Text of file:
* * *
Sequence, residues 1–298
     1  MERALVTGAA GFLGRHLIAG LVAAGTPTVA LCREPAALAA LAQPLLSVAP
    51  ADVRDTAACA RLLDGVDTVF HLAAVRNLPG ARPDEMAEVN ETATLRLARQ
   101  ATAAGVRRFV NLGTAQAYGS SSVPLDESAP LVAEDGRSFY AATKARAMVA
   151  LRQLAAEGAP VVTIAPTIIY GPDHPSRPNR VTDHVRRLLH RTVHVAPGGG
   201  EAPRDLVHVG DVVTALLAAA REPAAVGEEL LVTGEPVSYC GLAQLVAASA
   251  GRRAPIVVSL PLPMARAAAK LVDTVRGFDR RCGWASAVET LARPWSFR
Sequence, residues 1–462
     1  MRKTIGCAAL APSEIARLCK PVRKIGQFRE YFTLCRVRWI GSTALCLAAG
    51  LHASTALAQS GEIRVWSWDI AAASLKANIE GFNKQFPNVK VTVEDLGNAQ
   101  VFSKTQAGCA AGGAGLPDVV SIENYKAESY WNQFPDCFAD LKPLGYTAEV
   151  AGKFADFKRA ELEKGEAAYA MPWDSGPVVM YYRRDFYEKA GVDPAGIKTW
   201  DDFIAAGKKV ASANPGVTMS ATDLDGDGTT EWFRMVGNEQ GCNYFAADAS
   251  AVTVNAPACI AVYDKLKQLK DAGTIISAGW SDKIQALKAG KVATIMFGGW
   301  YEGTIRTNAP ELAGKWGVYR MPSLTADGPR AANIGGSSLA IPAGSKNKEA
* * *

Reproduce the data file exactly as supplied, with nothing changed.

Sequence, residues 1–298
     1  MERALVTGAA GFLGRHLIAG LVAAGTPTVA LCREPAALAA LAQPLLSVAP
    51  ADVRDTAACA RLLDGVDTVF HLAAVRNLPG ARPDEMAEVN ETATLRLARQ
   101  ATAAGVRRFV NLGTAQAYGS SSVPLDESAP LVAEDGRSFY AATKARAMVA
   151  LRQLAAEGAP VVTIAPTIIY GPDHPSRPNR VTDHVRRLLH RTVHVAPGGG
   201  EAPRDLVHVG DVVTALLAAA REPAAVGEEL LVTGEPVSYC GLAQLVAASA
   251  GRRAPIVVSL PLPMARAAAK LVDTVRGFDR RCGWASAVET LARPWSFR
Sequence, residues 1–462
     1  MRKTIGCAAL APSEIARLCK PVRKIGQFRE YFTLCRVRWI GSTALCLAAG
    51  LHASTALAQS GEIRVWSWDI AAASLKANIE GFNKQFPNVK VTVEDLGNAQ
   101  VFSKTQAGCA AGGAGLPDVV SIENYKAESY WNQFPDCFAD LKPLGYTAEV
   151  AGKFADFKRA ELEKGEAAYA MPWDSGPVVM YYRRDFYEKA GVDPAGIKTW
   201  DDFIAAGKKV ASANPGVTMS ATDLDGDGTT EWFRMVGNEQ GCNYFAADAS
   251  AVTVNAPACI AVYDKLKQLK DAGTIISAGW SDKIQALKAG KVATIMFGGW
   301  YEGTIRTNAP ELAGKWGVYR MPSLTADGPR AANIGGSSLA IPAGSKNKEA